In the new era of flexible or customized manufacturing, where manufacturers are producing multiple products on the same production line or performing multiple operations in the same space, robotics is becoming cornerstone of automation. Industry innovators are applying a robot’s agility and multipurpose form to solving some real life challenges and stretching horizons of possibilities to all new levels. These next generation applications bring with them a new complex age of automation that was nearly unthinkable a decade ago.  When we think about flexible manufacturing what comes to mind first are the challenges of handling product changeovers. With robots that would mean changing out the end-effectors so the robot is ready quickly for next operation.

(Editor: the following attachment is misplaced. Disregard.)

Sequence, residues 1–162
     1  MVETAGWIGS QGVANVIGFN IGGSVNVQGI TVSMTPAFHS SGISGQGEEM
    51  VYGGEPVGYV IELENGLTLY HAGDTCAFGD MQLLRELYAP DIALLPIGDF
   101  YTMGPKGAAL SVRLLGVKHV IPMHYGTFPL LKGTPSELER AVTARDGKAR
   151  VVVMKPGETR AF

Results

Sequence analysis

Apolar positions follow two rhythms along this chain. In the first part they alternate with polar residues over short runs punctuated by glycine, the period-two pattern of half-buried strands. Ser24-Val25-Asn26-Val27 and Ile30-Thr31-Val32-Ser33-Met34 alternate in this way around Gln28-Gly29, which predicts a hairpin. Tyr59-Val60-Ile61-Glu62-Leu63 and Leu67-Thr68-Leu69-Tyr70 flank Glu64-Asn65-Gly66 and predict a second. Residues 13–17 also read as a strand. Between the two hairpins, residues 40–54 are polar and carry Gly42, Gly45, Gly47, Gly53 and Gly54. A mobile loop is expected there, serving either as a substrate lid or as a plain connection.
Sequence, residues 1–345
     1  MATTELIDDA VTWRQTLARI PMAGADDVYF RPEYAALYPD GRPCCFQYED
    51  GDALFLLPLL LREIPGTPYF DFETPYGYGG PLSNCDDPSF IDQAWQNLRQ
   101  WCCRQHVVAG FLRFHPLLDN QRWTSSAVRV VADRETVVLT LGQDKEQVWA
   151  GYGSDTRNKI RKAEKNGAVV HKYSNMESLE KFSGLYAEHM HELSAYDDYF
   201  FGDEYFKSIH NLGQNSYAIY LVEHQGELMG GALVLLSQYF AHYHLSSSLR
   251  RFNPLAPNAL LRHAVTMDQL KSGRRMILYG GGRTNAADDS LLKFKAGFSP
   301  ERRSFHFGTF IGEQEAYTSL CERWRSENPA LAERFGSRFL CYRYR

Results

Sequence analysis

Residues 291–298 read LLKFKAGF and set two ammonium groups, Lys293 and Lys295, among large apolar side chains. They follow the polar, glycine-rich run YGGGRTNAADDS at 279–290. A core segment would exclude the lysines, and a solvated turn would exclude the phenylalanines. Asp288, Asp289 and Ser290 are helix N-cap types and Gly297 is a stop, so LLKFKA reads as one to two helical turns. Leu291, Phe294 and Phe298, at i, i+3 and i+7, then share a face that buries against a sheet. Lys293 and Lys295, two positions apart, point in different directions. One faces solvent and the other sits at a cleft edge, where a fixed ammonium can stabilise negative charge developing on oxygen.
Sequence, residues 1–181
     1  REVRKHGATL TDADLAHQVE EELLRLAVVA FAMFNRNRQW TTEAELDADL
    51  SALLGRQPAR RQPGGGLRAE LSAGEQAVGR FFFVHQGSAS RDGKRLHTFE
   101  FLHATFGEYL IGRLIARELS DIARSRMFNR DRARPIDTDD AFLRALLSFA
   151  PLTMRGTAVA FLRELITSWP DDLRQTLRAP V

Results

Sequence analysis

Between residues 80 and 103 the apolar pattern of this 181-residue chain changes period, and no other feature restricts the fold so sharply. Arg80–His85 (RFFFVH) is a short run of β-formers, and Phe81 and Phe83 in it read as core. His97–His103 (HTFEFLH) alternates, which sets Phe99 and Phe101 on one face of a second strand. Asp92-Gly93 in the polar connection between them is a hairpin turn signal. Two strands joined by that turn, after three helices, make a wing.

Figure 1: Tool changer example with pin couplers
Figure 1: Tool changer example with pin couplers

With the current trends in automation, demand for robotic tool changers (quick change for end-effectors) is growing at a fast pace. This is not only limited to automotive or heavy industries but also in packaging, bakery automation, food and pharma, and importantly in life sciences. End effectors are where these innovators primarily focus on to create value for their customers by handling products in most application suitable way.  The smarts of the end effectors, sensors and actuators, need power and the ability to communicate with the controller. Traditionally, this is achieved with pin-based coupling, where the robot approaches the tool changing station, engages the tool and very accurately mates the two ends of the pin couplers to power up the tool’s smarts.